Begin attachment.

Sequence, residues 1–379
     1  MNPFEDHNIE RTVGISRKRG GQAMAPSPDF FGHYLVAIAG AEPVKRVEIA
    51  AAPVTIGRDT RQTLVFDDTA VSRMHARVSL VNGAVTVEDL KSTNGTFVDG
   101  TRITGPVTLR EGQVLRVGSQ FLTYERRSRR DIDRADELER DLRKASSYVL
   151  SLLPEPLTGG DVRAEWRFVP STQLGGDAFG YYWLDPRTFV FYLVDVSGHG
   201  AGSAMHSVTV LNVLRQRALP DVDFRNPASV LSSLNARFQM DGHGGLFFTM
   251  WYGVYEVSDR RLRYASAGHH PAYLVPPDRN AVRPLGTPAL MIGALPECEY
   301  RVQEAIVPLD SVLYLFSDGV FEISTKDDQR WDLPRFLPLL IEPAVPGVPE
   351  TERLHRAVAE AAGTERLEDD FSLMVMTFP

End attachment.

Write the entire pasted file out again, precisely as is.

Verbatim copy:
Sequence, residues 1–379
     1  MNPFEDHNIE RTVGISRKRG GQAMAPSPDF FGHYLVAIAG AEPVKRVEIA
    51  AAPVTIGRDT RQTLVFDDTA VSRMHARVSL VNGAVTVEDL KSTNGTFVDG
   101  TRITGPVTLR EGQVLRVGSQ FLTYERRSRR DIDRADELER DLRKASSYVL
   151  SLLPEPLTGG DVRAEWRFVP STQLGGDAFG YYWLDPRTFV FYLVDVSGHG
   201  AGSAMHSVTV LNVLRQRALP DVDFRNPASV LSSLNARFQM DGHGGLFFTM
   251  WYGVYEVSDR RLRYASAGHH PAYLVPPDRN AVRPLGTPAL MIGALPECEY
   301  RVQEAIVPLD SVLYLFSDGV FEISTKDDQR WDLPRFLPLL IEPAVPGVPE
   351  TERLHRAVAE AAGTERLEDD FSLMVMTFP